ISLAM spread to the east and west with amazing speed following its advent in the Arabian Peninsula in early seventh century. Its influence since then on international politics and culture has been profound, widespread and lasting. The westward thrust of Islam along and across the Mediterranean challenged the Roman Empire and dislodged it from its capital Constantinople in 1453. More important, however, than the conflicts and conquests that ensued was the transfer of Islamic ideas and knowledge to Europe which rescued it from centuries long dark ages and laid the foundation of the development and prosperity of the present day western world. Our focus presently is on the eastern drive of Islam and its consequences on the Indian Ocean region. Fanning out to the east and south from its centre in Mecca the message of Islam in course of time reached each and every country located on the Indian Ocean rim. The immense impact of Islam on the region can be gauged from the preponderance of Muslim population on the rim and its hinterland that in all probability exceeds the Muslim population of the rest of the world.
The key role in the spread of Islam in the region was played by Arab seafarers, traders and settlers on the rim. Arab coastal trade in the Persian Gulf and Arabian Sea dates as far back as several centuries BC. After the advent of Islam, it increased extensively. With the conquest of Spain in 711 AD and Sindh in 712 AD, Arabs acquired control over the east-west sea trade route which they exercised through bases and settlements at key points along the rim This resulted in Arab domination of the entire east-west trade as the control over the land route was already with them. It was precisely to break the Arab monopoly of this trade that the Iberian adventurers began to look for another route to the east from Europe. Their efforts culminated in the two great voyages of discovery: the one to west resulted in the discovery of two great continents; the other to the east ushered in the colonial era which changed the political fate of virtually every country on the Indian Ocean rim.
The Indian ocean in the colonial era: The first to arrive on the scene following the discovery of the route around the Cape of Good Hope were the Portuguese. They followed the same strategy as Arabs of establishing bases and settlements along the Asian rim from Hormuz to Malacca straits with their capital at Goa on the west coast of India. It appears that the Arabs were not well prepared to deal with the Portuguese onslaught. There is no evidence of the establishment of shipyards or the formation of a proper fleet as the Arabs had done in their western thrust towards the Mediterranean. In the Indian Ocean they put up a valiant fight with the help of Ottomans and Egyptians but failed to repulse the Portuguese attack.
The colonial era was initially characterized by rivalry among the Portuguese, Dutch and the English trading companies for monopoly over eastern spice trade. In the process, however, all of them acquired bases and established small colonies along the rim for the logistic support of their ships. But with the Arabs gone and the Moghuls offering no resistance at sea their growing rivalry turned into a race for colonies which peaked with their rush to grab the spoils of the unravelling Ottoman Empire after the defeat of Germany and Turkey in the First World War. The English eventually emerged victorious not only in the Indian Ocean region but also elsewhere in the world presiding over an empire on which the sun never set.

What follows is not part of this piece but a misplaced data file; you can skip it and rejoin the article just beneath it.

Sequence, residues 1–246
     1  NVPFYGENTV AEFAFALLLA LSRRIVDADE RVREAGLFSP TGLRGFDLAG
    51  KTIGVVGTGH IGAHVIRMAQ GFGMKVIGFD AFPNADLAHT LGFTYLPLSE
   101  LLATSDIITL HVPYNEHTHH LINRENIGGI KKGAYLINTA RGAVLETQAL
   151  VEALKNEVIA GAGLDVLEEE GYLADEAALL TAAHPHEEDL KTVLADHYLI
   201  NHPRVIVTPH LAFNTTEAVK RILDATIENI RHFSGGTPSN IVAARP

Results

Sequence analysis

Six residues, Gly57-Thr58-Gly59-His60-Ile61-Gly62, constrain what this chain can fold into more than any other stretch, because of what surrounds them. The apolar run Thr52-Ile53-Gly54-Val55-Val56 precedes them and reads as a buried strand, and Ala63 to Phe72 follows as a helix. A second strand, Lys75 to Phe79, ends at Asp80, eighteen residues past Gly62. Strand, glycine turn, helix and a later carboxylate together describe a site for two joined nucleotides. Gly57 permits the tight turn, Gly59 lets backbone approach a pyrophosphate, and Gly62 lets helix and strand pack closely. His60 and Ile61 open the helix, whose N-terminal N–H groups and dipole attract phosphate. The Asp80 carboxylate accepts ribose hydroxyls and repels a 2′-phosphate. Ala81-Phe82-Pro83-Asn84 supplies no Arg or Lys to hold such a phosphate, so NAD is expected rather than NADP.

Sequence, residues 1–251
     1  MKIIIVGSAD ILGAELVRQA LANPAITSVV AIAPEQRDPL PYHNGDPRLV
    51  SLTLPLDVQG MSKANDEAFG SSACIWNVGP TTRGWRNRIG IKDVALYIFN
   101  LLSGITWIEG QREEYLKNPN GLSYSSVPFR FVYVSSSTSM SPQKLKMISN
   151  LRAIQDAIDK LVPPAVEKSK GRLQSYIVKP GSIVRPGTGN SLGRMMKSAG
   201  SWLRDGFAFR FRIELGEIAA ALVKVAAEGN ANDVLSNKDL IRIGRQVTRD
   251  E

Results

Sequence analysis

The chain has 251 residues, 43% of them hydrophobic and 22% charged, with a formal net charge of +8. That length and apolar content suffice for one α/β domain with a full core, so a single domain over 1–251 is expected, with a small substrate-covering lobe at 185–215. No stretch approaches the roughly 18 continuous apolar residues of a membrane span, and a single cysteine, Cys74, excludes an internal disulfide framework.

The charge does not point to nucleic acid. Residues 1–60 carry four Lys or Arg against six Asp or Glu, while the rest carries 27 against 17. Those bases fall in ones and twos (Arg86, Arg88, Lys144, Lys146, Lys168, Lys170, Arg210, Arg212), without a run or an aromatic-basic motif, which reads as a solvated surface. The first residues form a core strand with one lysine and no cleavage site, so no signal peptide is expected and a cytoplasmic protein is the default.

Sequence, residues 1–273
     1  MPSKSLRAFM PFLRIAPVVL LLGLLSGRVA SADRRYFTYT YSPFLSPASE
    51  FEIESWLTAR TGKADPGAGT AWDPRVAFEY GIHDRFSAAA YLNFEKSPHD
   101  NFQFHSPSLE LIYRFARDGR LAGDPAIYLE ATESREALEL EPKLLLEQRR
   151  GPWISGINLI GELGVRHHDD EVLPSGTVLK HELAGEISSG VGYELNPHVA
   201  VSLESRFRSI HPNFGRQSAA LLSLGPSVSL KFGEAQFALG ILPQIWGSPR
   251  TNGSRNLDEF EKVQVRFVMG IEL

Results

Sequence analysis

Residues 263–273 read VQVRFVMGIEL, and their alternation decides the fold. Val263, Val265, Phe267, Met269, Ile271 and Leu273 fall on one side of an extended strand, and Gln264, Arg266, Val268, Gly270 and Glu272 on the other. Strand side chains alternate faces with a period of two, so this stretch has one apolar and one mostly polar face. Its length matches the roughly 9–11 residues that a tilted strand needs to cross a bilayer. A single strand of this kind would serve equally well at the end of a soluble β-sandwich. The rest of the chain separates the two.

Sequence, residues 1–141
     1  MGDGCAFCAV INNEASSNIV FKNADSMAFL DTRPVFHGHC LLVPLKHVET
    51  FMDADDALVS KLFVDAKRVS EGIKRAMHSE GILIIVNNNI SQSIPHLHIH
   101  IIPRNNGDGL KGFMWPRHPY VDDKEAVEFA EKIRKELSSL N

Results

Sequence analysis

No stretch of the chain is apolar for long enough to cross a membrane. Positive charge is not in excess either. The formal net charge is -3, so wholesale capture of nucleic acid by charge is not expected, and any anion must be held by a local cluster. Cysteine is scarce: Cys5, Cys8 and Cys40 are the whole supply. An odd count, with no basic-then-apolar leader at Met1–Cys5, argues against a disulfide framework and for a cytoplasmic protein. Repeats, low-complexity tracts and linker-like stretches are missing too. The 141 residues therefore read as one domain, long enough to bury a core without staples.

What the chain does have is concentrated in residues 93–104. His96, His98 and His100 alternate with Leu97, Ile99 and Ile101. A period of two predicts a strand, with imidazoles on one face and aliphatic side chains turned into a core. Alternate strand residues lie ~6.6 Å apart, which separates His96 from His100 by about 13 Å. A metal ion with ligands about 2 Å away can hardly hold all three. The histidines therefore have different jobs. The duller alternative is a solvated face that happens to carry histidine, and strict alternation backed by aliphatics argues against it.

Cold War and Post-Cold War era: From geopolitics to geo-economics: The Second World War signalled the end of classical colonial era. What followed was nearly half a century long period characterized by crumbling empires and emerging regional states under the shadow of cold war confrontation between the two super powers of that era. The stunning collapse of Soviet Union in 1991 and its dissolution into its component states spelled the end of cold war and ushered in the post-cold war era.
What actually materialized after the end of cold war was neither ‘The Clash of Civilization’ nor ‘The End of History’ forecast by Samuel p. Huntington and Francis Fujiyama respectively, but a shift of emphasis from geopolitics to geo-economics. It is not that domination is no longer the goal of international politics, only its mode has changed. While China has moved on to the Twenty-First century, India is still stuck with the 19th Century colonial model dragging the subcontinent also with it into the quagmire. Incidentally, in the current crisis created by Indian unilateral steps in Kashmir, the stances of most countries including those of United States and Russia are primarily based on the nature and extent of their economic interests in India. With the Chinese announcement of the Belt and Road initiative in 2013 we stand at the threshold of yet another phase of the Indian Ocean region, very different from the previous ones in which, for the first time, China is poised to play the primary role in the development and prosperity of the region.
—The writer is a retired Commodore of Pakistan Navy.